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GTAP Resource #5783

"Traders’ Dilemma: Developing Countries’ Response to Trade Disputes"
by Devarajan, Shanta, Delfin S Go, Csilla Lakatos, Sherman Robinson and Karen Thierfelder

If trade tensions between the United States and certain trading partners escalate into a full-blown trade war, what should developing countries do? Using a global, general- equilibrium model, this paper first simulates the effect of an increase in U.S. tariffs on imports from all regions to about 30 percent (the average non-MFN tariff currently applied to imports from Cuba and North Korea), and retaliation in kind by the major trading partners—the European Union, China, Mexico, Canada, and Japan. This paper then consider four possible responses by developing countries to this trade war: (i) join the trade war; (ii) do nothing; (iii) form regional trading arrangements with all regions outside the United States; (iv) option (iii) and unilaterally liberalize tariffs on imports from the United States. The results show that joining the trade war is the worst option for developing countries (twice as bad as doing nothing); and forming RTAs with non-U.S. regions and liberalizing tariffs on U.S. imports (“turning the other cheek”) is the best. The reason is that a trade war between the United States and its major partners creates opportunities for developing countries to increase their exports to these markets. Liberalizing tariffs increases developing countries’ competitiveness, enabling them to further capitalize on these opportunities.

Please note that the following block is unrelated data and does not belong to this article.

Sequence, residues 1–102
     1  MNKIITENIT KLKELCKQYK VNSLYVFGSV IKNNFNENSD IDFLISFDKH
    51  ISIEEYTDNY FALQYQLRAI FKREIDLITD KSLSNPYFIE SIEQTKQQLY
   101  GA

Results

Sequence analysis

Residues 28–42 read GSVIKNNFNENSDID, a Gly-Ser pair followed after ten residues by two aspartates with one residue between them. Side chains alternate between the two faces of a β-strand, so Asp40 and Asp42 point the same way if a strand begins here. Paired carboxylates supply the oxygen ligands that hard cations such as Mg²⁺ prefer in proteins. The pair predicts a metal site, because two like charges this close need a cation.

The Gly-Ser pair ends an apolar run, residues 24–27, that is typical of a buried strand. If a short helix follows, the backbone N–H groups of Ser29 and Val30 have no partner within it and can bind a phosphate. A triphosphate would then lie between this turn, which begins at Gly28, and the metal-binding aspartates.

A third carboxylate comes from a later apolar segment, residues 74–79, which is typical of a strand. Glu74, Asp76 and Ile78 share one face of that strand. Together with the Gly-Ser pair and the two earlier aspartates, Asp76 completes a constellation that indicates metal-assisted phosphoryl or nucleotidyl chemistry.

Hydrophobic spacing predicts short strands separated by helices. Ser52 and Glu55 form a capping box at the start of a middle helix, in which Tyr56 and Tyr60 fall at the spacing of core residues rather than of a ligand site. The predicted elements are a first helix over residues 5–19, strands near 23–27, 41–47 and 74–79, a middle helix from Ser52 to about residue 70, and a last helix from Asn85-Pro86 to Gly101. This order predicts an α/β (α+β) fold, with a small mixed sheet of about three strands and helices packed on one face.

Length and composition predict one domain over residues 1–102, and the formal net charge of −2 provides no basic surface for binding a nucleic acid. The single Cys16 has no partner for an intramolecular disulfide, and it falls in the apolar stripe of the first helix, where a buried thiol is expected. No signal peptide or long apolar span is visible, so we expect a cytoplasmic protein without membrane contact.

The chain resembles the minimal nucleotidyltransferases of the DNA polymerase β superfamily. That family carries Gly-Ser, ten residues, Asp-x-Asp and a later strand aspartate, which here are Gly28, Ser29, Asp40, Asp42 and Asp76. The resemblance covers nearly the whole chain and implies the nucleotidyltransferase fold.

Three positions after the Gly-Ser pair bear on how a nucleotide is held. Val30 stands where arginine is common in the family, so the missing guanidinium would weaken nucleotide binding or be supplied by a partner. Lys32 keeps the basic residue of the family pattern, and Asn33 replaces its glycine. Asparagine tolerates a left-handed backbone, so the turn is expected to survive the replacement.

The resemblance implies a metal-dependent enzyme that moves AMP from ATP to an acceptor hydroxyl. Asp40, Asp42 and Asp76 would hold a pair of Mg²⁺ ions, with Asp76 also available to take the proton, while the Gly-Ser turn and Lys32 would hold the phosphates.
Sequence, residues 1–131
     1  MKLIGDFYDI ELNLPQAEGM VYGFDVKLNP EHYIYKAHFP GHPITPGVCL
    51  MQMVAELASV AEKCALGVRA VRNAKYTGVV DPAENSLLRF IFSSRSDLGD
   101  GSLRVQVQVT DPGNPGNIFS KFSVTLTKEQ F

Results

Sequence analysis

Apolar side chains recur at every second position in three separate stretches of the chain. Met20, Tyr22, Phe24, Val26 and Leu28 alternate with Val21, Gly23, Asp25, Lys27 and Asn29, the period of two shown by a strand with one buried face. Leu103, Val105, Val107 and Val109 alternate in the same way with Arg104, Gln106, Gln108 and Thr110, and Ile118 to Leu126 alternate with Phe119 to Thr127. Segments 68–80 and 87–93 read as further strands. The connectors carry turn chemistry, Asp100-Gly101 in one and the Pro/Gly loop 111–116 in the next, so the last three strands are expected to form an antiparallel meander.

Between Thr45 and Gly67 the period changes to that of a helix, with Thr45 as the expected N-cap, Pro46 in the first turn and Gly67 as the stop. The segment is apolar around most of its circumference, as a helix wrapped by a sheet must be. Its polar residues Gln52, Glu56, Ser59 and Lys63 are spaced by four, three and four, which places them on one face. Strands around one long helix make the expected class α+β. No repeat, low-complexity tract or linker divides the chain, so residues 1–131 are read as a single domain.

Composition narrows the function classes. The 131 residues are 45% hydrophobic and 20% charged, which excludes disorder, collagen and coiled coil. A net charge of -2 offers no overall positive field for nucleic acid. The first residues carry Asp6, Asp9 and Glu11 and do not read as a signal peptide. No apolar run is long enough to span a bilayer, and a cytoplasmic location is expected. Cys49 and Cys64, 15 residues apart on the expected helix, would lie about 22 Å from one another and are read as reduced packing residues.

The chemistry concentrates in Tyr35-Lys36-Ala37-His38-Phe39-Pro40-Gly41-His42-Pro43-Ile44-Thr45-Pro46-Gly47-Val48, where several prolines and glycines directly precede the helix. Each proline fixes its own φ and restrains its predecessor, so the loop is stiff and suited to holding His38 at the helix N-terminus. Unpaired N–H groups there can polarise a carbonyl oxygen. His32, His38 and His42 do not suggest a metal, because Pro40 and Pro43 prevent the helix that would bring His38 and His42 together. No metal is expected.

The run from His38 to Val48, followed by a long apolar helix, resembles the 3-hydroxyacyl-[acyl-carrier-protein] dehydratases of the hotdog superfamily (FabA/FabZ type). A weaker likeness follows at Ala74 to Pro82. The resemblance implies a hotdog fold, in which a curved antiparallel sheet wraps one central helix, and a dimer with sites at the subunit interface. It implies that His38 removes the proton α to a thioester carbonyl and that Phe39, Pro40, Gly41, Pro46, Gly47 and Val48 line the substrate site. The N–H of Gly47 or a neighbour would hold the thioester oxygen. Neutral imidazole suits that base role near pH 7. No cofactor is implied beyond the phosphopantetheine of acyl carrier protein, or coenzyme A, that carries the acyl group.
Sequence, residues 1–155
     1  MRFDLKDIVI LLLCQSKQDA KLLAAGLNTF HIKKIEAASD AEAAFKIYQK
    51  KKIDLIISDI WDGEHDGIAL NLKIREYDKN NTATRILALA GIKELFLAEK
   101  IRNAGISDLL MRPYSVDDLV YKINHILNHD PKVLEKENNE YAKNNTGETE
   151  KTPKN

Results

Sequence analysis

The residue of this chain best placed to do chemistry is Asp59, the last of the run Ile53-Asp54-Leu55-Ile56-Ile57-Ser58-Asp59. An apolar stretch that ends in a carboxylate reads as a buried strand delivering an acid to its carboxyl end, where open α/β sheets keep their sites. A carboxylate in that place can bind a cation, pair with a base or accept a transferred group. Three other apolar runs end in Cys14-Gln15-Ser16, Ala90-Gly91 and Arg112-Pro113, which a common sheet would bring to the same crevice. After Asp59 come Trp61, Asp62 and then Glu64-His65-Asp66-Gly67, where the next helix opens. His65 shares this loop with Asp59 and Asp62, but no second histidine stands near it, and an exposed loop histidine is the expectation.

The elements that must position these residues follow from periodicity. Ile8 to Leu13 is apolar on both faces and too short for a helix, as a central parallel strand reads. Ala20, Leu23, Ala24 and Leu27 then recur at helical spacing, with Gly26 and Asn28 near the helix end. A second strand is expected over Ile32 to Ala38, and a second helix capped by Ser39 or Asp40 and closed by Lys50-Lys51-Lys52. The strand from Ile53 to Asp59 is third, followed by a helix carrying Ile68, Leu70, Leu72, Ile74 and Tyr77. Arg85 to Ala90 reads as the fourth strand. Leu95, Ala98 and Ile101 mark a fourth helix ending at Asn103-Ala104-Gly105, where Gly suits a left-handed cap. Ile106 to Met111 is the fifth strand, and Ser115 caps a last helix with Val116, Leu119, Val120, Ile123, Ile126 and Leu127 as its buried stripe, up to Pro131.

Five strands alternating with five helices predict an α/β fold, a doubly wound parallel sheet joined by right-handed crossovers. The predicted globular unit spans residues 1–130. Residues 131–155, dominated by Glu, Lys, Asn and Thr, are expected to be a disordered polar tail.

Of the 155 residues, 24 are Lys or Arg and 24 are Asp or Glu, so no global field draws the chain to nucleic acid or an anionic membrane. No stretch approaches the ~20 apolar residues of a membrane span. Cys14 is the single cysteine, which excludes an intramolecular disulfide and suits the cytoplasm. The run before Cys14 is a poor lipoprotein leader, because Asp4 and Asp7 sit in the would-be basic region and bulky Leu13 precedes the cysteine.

Resource Details (Export Citation) GTAP Keywords
Category: 2019 Conference Paper
Status: Published
By/In: Presented at the 22nd Annual Conference on Global Economic Analysis, Warsaw, Poland
Date: 2019
Created: Thierfelder, K. (4/14/2019)
Updated: Thierfelder, K. (4/14/2019)
Visits: 1,620
- Multilateral trade negotiations
- Preferential trading arrangements
- North America

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